Batavia approves West Town tax-financing district

  • This former gasoline station at Main Street and Mallory Avenue could be one of the properties redeveloped with the aid of tax-increment financing, in a new district created in Batavia.

    This former gasoline station at Main Street and Mallory Avenue could be one of the properties redeveloped with the aid of tax-increment financing, in a new district created in Batavia. Susan Sarkauskas | Staff Photographer, 2014

 
 
Updated 1/6/2016 8:53 PM

Batavia officially has a new option to encourage improvement of a west-side Batavia neighborhood with the creation of the West Town tax-increment financing district.

The city council unanimously approved the measure Monday, almost two years after the process began.

 

Eighty-five parcels will be affected. They are in a 27-acre area bounded roughly by Wilson Street, Walnut Street, Van Nortwick Avenue, Whipple Avenue and Harrison Street.

The West Town Redevelopment Project plan, adopted as part of creating the TIF, anticipates work falling in to four phases, and identifies eight "key opportunity" sites.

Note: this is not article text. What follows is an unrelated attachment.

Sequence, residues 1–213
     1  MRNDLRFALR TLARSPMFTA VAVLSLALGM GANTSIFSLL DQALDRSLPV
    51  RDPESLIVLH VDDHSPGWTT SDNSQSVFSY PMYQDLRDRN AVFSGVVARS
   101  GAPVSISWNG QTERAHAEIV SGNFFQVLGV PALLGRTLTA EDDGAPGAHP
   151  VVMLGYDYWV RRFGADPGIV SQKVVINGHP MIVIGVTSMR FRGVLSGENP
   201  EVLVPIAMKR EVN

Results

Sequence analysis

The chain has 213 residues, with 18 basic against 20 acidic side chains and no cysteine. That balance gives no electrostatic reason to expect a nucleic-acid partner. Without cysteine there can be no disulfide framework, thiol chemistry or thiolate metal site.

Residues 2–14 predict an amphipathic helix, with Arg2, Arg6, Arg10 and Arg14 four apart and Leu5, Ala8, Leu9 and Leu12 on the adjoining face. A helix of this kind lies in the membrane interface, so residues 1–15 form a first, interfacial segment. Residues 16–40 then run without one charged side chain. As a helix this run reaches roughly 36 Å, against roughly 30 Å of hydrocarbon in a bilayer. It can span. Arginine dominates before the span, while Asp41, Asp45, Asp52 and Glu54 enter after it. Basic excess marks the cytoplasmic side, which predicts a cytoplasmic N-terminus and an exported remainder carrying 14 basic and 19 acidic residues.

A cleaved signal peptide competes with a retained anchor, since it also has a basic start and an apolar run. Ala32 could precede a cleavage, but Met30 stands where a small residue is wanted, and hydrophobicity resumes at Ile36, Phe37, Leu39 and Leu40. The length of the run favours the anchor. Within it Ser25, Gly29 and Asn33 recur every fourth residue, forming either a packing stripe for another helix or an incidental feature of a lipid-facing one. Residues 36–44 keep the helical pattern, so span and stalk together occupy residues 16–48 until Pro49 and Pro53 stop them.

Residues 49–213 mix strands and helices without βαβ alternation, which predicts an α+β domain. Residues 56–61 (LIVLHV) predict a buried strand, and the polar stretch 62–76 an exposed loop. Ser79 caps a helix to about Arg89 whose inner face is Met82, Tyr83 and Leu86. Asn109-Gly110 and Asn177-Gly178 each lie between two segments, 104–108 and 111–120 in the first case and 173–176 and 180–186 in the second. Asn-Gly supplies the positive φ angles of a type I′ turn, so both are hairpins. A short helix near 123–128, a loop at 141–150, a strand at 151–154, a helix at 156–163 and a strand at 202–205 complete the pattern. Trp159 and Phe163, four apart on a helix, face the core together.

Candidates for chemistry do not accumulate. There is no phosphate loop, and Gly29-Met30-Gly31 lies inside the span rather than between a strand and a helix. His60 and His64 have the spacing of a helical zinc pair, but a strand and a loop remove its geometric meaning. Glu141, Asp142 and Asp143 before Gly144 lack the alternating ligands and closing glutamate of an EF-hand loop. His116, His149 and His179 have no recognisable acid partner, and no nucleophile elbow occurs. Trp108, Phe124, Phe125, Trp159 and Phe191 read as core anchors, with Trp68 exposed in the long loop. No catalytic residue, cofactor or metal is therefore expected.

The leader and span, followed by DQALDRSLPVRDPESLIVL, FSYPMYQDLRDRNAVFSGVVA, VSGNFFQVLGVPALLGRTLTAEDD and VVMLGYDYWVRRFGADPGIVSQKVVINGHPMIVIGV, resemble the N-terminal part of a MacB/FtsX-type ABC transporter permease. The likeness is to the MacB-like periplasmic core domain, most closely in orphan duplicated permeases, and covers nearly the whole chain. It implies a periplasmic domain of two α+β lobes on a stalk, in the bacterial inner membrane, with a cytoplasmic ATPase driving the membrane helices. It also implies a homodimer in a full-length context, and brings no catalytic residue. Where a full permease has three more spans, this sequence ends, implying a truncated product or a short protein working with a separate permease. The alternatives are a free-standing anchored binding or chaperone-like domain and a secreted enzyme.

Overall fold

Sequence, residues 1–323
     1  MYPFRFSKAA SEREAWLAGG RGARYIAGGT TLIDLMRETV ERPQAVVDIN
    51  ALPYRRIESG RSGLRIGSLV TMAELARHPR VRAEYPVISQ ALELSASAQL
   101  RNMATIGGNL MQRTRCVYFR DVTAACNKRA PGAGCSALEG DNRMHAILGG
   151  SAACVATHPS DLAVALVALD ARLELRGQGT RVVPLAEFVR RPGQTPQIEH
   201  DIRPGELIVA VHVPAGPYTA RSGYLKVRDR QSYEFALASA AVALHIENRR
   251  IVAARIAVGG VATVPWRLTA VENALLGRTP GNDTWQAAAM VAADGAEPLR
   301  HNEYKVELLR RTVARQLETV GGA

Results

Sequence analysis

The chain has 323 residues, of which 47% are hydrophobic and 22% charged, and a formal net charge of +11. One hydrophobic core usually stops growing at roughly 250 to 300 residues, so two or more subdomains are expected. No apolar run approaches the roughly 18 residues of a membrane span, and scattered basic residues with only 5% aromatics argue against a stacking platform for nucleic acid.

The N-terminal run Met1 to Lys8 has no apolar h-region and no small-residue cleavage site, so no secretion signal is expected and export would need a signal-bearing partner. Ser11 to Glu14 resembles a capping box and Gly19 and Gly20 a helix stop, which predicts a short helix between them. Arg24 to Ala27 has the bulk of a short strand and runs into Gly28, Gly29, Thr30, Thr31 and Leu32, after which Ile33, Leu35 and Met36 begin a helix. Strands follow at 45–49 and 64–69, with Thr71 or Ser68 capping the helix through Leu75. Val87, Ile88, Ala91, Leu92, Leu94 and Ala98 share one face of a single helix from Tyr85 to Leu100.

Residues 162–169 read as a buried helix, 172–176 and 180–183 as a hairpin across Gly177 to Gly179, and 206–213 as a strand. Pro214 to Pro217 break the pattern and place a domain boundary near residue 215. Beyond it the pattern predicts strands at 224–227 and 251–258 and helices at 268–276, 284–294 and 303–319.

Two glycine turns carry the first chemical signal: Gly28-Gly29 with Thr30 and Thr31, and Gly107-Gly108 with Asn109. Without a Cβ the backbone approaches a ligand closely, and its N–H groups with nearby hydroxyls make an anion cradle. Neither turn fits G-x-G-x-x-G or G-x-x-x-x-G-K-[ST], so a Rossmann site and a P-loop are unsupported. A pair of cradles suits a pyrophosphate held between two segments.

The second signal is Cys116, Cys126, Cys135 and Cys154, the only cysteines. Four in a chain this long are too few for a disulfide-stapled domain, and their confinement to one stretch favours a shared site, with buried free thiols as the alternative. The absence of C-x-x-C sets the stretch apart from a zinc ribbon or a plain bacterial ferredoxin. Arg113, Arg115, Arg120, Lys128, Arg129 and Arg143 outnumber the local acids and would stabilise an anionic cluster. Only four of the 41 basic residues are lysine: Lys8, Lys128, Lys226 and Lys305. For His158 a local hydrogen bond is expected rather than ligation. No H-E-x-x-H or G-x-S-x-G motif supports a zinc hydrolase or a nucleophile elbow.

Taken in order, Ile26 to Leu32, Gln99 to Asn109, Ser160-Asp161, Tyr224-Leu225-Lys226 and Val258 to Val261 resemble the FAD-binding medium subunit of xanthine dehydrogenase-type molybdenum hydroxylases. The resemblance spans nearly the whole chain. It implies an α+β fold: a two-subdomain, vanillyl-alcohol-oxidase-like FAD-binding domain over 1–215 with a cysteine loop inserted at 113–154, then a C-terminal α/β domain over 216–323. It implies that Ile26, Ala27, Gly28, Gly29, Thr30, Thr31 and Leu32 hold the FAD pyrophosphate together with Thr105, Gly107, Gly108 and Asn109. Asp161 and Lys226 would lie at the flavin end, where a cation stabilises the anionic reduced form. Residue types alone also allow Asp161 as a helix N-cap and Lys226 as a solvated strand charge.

Construction on vacant land, such as the sites of the former Shady Hill Greenhouse on Walnut and the MasterCast foundry on Mallory Avenue, would likely happen first, according to the plan.

Acquisition, demolition and redevelopment of the sites of "outmoded" and "obsolete" commercial and industrial buildings would probably be next, it states.

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Much of the district was developed between 1871 and 1893 as an industrial area on what then was the outskirts of town.

Beginning in 2017, the amount of property taxes various governmental bodies receive will be frozen at the amount they received in 2016.

Additional money collected would go in to the West Town TIF fund and be used to pay for work that conserves or improves the value of properties in the district.

The district will last 23 years. The only taxing body that protested the creation of the district was the Batavia school district.

Of course, for the city to offer incentives, there has to be money in the TIF account.

That will come if taxes on individual properties increase. The city could also front money for projects to be paid back out of the tax increment.

According to a consultant's study of the area, it could use about $20.9 million worth of work to increase property values.

From 2011 to 2015, property values declined each year, the report said. In the past 10 years, the average spent on work, judged by building permits issued by the city, was less than $530 a year per parcel.

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